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Soldiers and Sailors Arch, Brooklyn, NY


One of Brooklyn's most recognizable monuments, the Soldiers and Sailors Arch is passed by thousands daily, serves as a background for the borough's biggest farmers market, and is actually visited by almost no one.

And even fewer know its official name, its history and how closely related it is to Prospect Park, whose northern entrance is just across a plaza from the arch. To most, it's just the Grand Army Plaza arch, and you have to go past it to get where you're going. 


The arch is a monument, as the pediment says, "To the Defenders of the Union, 1861-1865." In the late 1880s, as veterans of the war were growing older, and many felt the lessons of the war were in danger of being forgotten, Brooklyn took on the call for a memorial and held an architectural competition. 

The commissioners chose the design submitted by John H. Duncan, but then turned to more famous hands to carry it out. The engineering and construction were supervised by Frederick Law Olmsted and Calvert Vaux, the designers and builders of Prospect Park, and of Eastern Parkway, which ends at the arch. They worked together with 'starchitect' Stanford White.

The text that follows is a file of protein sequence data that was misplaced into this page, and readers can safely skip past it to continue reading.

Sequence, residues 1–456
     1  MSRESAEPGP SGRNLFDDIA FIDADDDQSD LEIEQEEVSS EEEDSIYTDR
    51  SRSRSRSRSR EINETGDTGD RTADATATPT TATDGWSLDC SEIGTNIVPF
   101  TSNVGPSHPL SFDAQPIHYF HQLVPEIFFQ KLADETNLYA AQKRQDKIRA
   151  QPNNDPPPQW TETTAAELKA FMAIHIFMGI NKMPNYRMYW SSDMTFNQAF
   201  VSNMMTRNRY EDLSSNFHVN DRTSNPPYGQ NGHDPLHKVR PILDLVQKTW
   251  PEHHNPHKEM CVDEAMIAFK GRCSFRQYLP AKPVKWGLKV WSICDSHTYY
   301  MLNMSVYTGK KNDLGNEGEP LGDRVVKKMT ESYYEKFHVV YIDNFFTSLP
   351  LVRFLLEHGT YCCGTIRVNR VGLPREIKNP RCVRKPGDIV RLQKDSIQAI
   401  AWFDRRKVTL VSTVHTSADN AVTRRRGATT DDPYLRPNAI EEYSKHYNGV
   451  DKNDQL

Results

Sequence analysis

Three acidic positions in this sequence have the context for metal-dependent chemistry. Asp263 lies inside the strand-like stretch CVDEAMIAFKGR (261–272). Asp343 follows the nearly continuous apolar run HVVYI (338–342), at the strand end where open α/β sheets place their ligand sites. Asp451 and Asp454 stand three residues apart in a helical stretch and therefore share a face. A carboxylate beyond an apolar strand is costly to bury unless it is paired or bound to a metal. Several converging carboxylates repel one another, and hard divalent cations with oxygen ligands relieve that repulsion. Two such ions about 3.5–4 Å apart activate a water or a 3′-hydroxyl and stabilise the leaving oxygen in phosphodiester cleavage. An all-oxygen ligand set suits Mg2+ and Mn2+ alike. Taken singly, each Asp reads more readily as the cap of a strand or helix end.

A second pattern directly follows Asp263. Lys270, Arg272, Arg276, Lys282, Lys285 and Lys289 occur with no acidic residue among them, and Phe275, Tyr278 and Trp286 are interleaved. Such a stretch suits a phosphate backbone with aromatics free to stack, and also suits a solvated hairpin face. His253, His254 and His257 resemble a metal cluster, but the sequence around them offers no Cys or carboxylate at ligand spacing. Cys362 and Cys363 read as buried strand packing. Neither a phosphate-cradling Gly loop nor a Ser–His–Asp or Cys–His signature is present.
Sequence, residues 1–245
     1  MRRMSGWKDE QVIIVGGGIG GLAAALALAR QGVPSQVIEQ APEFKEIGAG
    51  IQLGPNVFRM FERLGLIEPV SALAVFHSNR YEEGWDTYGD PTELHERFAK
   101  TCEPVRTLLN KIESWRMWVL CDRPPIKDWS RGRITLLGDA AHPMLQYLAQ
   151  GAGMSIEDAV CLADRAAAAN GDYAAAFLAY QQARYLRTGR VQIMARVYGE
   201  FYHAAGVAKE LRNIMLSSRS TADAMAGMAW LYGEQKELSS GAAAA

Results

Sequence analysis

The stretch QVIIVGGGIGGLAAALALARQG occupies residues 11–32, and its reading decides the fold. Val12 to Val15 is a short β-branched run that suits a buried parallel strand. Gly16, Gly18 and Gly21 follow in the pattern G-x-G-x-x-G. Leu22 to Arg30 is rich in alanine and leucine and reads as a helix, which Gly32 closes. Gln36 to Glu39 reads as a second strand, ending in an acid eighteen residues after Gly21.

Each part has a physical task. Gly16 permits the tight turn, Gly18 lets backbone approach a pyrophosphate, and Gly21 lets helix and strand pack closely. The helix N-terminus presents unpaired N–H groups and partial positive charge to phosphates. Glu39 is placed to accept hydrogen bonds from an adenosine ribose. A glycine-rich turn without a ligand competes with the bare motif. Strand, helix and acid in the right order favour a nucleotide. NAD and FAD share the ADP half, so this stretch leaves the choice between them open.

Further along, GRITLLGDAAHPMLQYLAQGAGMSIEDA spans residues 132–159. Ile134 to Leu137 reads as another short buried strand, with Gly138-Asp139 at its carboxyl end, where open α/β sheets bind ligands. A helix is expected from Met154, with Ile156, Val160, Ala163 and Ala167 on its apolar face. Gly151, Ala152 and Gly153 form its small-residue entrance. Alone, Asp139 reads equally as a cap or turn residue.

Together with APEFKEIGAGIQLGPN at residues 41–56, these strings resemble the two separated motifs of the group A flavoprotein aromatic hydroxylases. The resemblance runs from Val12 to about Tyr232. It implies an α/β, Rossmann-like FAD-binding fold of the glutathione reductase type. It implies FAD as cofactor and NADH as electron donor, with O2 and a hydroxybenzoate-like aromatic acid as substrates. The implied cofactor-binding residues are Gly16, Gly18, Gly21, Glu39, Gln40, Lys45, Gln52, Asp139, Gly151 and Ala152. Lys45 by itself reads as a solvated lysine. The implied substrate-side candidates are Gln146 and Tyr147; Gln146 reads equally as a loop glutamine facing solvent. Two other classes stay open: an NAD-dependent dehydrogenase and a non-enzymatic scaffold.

Before the statuary was installed, looking north from inside the park

The big names don't stop there, either. The commissioners went for big names in sculpture, too. The two large groups on its face, which represent the Army and the Navy, were done by Frederick MacMonnies, as was the massive victory group on the top. 


On the inside walls of the arch are equestrian statues of Lincoln and Grant, the Civil War president and its leading general. Unusually, they were created by two different sculptors. Not one for Lincoln and one for Grant, but one for the horses and one for the men! William Rudolph O'Donovan did the men; the two horses are by the far better-known Philadelphia anatomist, painter and sculptor Thomas Eakins.


Despite its big-name connections (aside from the builders and sculptors, the cornerstone was laid by Gen. William Tecumseh Sherman and the dedication speaker was President Cleveland) the monument fell on hard times as the city cut back on maintenance and the public paid less attention.

In 1924, traffic had not yet been re-routged around the green space that now surrounds the arch.

Even gaining landmark status in 1973 didn't help much: in 1976, Victory fell from her chariot and landed behind the arch. After that, though, attention picked up, the statues were restored and refurbished. And, last year it was announced that enough money was available for more upkeep, and to restore and re-open the observation deck at the top, closed for over twenty years.


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